College event planners pleasantly surprised by virtual success

On the heels of the most recent Algonquin College open house on Jan. 20 and after almost a year of adapting to hosting in the virtual environment, event planners are pleasantly surprised by their successes. Despite COVID-19 changing how they’ve had to work, organizers adapted and plan to keep remote events around for the long […]
Photo: Andrea Sternberg
Since last spring, all college events have gone virtual.

On the heels of the most recent Algonquin College open house on Jan. 20 and after almost a year of adapting to hosting in the virtual environment, event planners are pleasantly surprised by their successes.

Despite COVID-19 changing how they’ve had to work, organizers adapted and plan to keep remote events around for the long term.

“When we went virtual, we really thought the community wouldn’t be on board,” said Sophia Bouris, events manager in the office of the president.

Her team organizes and oversees town halls, coffees with the president, AC Vision, AC Hub and recruitment events among others.

“In person you have the five senses. You walk into a room and you get all the warm and fuzzies,” she said.

When the first lockdown happened, she and her entire team “took the time to pause and educate” themselves, certifying as virtual event planners.

They brainstormed ways to continue to deliver meaningful events for everyone involved, from attendees to speakers, entertainers and staff.

“Our numbers actually went up in participation,” she said. “And I’ll be honest, I was shocked.”

So was Anne Kalil, manager of student recruitment, whose team organizes AC open houses and other events for prospective students.

“We were able to pivot pretty easily, and we’re learning as we go,” she said.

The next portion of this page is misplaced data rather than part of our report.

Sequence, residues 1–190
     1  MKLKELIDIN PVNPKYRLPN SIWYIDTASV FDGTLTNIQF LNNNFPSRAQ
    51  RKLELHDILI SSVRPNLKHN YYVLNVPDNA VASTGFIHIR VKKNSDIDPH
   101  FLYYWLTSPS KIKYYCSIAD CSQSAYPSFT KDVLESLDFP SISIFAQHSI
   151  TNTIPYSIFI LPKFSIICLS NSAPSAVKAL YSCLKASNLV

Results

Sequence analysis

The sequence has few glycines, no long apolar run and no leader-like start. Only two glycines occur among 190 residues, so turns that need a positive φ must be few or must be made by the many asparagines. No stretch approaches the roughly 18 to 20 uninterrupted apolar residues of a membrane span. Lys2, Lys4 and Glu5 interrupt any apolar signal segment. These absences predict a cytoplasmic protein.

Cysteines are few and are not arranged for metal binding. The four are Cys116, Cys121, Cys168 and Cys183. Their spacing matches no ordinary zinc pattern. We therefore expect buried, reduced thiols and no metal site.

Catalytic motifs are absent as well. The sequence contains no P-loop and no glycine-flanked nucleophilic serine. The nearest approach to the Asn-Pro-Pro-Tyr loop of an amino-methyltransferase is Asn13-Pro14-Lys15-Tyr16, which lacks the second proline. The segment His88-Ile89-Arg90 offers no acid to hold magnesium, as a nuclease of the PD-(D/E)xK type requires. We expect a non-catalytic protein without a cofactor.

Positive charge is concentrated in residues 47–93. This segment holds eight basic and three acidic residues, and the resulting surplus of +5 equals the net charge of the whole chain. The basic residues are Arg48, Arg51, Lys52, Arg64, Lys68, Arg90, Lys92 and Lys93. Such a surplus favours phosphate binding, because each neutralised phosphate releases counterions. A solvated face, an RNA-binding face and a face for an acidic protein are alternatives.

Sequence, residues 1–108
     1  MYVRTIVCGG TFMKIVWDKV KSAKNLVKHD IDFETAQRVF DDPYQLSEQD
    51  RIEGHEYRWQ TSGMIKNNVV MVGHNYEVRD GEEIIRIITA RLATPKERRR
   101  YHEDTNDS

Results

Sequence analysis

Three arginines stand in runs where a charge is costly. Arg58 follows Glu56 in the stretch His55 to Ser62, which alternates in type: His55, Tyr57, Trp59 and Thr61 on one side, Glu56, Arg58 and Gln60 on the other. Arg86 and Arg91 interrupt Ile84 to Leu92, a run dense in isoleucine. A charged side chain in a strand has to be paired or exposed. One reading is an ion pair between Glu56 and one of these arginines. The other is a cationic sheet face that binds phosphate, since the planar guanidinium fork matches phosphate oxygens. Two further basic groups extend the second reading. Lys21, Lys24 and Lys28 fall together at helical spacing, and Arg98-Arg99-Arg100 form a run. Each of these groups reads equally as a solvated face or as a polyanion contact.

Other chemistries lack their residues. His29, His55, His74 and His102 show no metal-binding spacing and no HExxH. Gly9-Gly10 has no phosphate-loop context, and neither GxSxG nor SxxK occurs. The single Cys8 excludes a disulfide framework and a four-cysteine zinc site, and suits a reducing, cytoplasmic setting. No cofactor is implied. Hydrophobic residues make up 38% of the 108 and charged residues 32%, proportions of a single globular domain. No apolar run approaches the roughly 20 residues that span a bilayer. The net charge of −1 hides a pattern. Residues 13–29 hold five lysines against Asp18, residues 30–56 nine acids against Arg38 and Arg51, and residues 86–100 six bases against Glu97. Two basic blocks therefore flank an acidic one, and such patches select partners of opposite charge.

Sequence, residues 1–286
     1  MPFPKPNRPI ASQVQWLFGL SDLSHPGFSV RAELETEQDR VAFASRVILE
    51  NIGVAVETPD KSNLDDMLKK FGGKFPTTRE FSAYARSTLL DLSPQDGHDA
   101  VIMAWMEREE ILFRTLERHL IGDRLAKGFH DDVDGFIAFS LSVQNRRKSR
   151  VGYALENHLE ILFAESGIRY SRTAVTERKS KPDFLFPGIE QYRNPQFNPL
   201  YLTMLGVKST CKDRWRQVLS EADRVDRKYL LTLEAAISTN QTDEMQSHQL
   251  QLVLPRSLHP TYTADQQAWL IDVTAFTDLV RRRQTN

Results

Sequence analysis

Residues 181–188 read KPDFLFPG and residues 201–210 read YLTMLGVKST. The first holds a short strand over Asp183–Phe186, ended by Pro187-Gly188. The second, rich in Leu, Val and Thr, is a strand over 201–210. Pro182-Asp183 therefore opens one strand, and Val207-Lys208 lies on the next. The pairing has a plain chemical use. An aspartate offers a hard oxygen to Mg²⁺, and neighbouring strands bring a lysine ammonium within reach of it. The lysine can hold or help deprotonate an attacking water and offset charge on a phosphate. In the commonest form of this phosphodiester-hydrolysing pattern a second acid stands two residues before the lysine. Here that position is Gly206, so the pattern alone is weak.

Hard numbers for participation at the virtual open houses her team organize are difficult to track, but the number of registrants increased from 2488 in the fall of 2019 to 3213 in the fall of 2020. “Almost a full thousand more,” she said.

“We attribute that to more people being able to attend from places they would not normally be able to come from, like northern Ontario, New Brunswick and even oversees,” she said.

Back in the office of the president, Bouris echoes this trend.

“For a town hall, which is more of an information sharing event, typically on campus you would get around 70 to 100 people,” she said. “When we translated it to online, now we’re getting anywhere from 500-700 people…” and participants are feeling more connected and part of a community.

“That’s just one example but they kind of all skyrocketed,” she said.

Kalil says they will always have virtual events now.

“I don’t know what the format will be in the future, but we now know that virtual events are a good way to meet with people. It gives students a more personalized experience,” she said.

“Online you just tune in for what you want to see, and I think that’s a really cool perspective moving forward,” said Bouris. “I think we are going to change the way we do this,” she said.

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